Le Puy-en-Velay in Auvergne is a peaceful and religious haven in an ancient volcanic landscape that is famous for its statue of Our Lady of France who looks down over the city.
On arrival in Le Puy-en-Velay, it is impossible to miss the town's most famous symbol - the statue of the Virgin Mary with child, known as Our Lady of France. Created by the sculptor Jean-Marie Bonnassieux, the cast iron statue was inaugurated in 1860 and weighs in at 110 tonnes, standing 22.7m high on its pedestal. A place of spiritual discovery and relaxation, Le Puy-en-Velay is generally considered the starting point of the ancient Camino de Santiago pilgrimage route following the Via Podiensis route down through Conques, Mossiac and Osabat to the Spanish border. The city is built in an area of ancient volcanic activity that has produced a fascinating landscape of basalt rock and dormant volcanoes. In more recent times, Le Puy-en-Velay has become known for its traditional lacemaking industry which it continues to keep alive today with the National Conservatory of Lacemaking and the Education Centre of Lace. Much of the upper town is protected by UNESCO and the cathedral, built on Mount Anis, is a UNESCO-listed monument. Renovated in the 19th century and restored in the late 1990s, the Le Puy-en-Velay cathedral has one of the most beautiful Romanesque cloisters in Europe and the treasury contains embroidered vestments and devotional paintings dating from the 15th to 19th century. The Hôtel-Dieu, which once received pilgrims and cared for the poor, is now an interactive museum with heritage workshops for kids.
Fancy getting hands-on with lacemaking, then why not try a workshop at the Educational Centre of Lace which also does distance learning courses for people in France and abroad? Buy the materials you need, or, if you just want to appreciate the fine craftsmanship then take a tour of the showroom where the theme changes each year - past shows have featured religious lace and royal white lace. The Crozatier museum contains collections dedicated to just about everything from fine arts to ethnology, and from paleontology to mineralogy. Get out and about in the countryside with cycle paths, nature trails and mountain biking routes weaving through country roads, tiny villages and wonderful valleys. Climb up the 82m high ancient volcano chimney atop which resides the chapel of St Michel d'Aiguilhe by walking up the 268 steps to the summit. Nearby, in the heart of the Borne valley, is the Sanctuary of St Joseph of Good Hope. Constructed on the site of a former castle chapel in 1918, it is overshadowed by a 22.4m tall reinforced concrete statue of the saint who was inaugurated in 1910. If you take the trek up to Durande, the highest point in the district at 1299m high, it is well worth the effort for a stunning panoramic view of this incredible landscape. Le Puy-en-Velay is a crossroads for several walking routes but its most famous is the GR40, also called the Tour des Volcans du Velay, which offers a fantastic 9-day 182km loop that takes you through the best of this volcanic countryside. The GR65 will take you along the ancient route of Via Podiensis. With the Limagne Marsh an important ecosytem of various flora and the beautiful Beaume waterfall making a deep cut into the basalt rock before dropping 27m below in an area of craggy forest that is full of animal life, Le Puy-en-Velay has much to offer those with a yearning to explore.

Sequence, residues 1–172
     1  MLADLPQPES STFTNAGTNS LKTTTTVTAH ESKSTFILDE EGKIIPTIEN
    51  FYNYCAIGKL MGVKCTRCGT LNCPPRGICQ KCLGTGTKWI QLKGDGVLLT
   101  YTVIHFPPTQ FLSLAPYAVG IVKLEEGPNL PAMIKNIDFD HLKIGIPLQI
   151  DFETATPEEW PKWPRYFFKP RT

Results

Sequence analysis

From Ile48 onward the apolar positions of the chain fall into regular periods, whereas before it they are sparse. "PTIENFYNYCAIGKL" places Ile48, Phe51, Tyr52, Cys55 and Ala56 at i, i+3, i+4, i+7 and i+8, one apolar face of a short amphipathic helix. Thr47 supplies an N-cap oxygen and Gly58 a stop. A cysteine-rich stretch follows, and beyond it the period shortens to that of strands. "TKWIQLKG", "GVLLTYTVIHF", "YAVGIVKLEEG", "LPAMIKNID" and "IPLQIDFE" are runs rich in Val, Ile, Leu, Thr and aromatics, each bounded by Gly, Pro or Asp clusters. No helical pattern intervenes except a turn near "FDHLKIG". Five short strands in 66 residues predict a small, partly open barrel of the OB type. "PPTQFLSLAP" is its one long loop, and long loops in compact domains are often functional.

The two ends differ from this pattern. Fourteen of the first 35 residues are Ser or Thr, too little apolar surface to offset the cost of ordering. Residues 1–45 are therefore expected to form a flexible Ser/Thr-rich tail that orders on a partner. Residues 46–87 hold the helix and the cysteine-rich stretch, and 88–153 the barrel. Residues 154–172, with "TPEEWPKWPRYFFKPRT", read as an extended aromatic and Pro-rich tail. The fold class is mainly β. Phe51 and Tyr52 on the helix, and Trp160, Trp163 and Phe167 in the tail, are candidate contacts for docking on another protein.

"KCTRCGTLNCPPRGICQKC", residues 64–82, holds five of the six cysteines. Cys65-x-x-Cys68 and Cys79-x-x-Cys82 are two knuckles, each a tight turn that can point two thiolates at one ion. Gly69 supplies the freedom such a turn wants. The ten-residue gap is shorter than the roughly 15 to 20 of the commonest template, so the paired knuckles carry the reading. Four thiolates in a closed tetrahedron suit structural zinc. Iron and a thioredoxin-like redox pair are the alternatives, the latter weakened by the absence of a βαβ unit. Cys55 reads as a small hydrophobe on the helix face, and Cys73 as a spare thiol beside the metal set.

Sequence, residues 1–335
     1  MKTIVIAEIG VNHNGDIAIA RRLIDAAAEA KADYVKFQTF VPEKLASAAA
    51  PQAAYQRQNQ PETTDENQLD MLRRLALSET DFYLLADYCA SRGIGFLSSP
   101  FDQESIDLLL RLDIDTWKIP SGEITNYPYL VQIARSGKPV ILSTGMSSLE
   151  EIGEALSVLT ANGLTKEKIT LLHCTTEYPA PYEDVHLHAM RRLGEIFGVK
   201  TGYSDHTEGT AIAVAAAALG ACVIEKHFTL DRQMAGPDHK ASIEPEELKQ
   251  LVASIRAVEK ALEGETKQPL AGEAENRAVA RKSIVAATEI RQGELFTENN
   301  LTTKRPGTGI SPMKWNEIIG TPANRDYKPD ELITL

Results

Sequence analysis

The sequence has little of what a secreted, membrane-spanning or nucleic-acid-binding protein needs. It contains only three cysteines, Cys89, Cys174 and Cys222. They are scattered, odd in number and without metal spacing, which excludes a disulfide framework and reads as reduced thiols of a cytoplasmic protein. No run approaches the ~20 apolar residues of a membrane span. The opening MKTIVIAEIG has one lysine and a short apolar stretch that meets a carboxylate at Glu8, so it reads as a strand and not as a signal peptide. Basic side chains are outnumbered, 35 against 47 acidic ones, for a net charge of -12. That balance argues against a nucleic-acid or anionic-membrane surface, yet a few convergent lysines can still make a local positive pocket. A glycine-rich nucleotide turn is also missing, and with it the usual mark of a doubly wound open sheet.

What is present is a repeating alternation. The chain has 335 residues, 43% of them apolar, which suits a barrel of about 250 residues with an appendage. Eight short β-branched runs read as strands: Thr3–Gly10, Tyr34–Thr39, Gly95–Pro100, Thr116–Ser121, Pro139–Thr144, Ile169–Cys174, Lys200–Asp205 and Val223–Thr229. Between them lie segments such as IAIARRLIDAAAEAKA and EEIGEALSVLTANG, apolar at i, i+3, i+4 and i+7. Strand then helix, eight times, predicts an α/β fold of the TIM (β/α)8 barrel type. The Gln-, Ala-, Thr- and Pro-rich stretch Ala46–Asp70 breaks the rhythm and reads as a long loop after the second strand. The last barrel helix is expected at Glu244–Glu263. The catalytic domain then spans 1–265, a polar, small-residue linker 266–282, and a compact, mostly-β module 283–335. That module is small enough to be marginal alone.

Celebrate the Middle Ages with the Festival of the Bird King every third weekend of September, a huge Renaissance fayre with thousands of costumed performers and local residents who spend the weekend in tented camps reenacting battles, making traditional crafts, and recreating medieval daily life. The festival stems from an age-old archery tournament which continues at the fayre today whilst, in the city, troubadours, acrobats, jugglers and more take to the streets. Le Puy-en-Velay is also famous for its celebration of the Jubilee when the Annunciation of Mary falls on Good Friday - after this last occurred in 2016, there will be a wait of 100 years before the next one. Wander through the streets full of small shops selling local produce, and, in particular, don't miss out on Le Puy-en-Velay's best known local specialities, Le Puy green lentils which have AOC status and are known for their unique peppery taste, and a local green-coloured alcoholic drink called liquer de Verveine that contains verbena and a mix of over 30 other herbs which is said to have digestive properties.
Holidays in France
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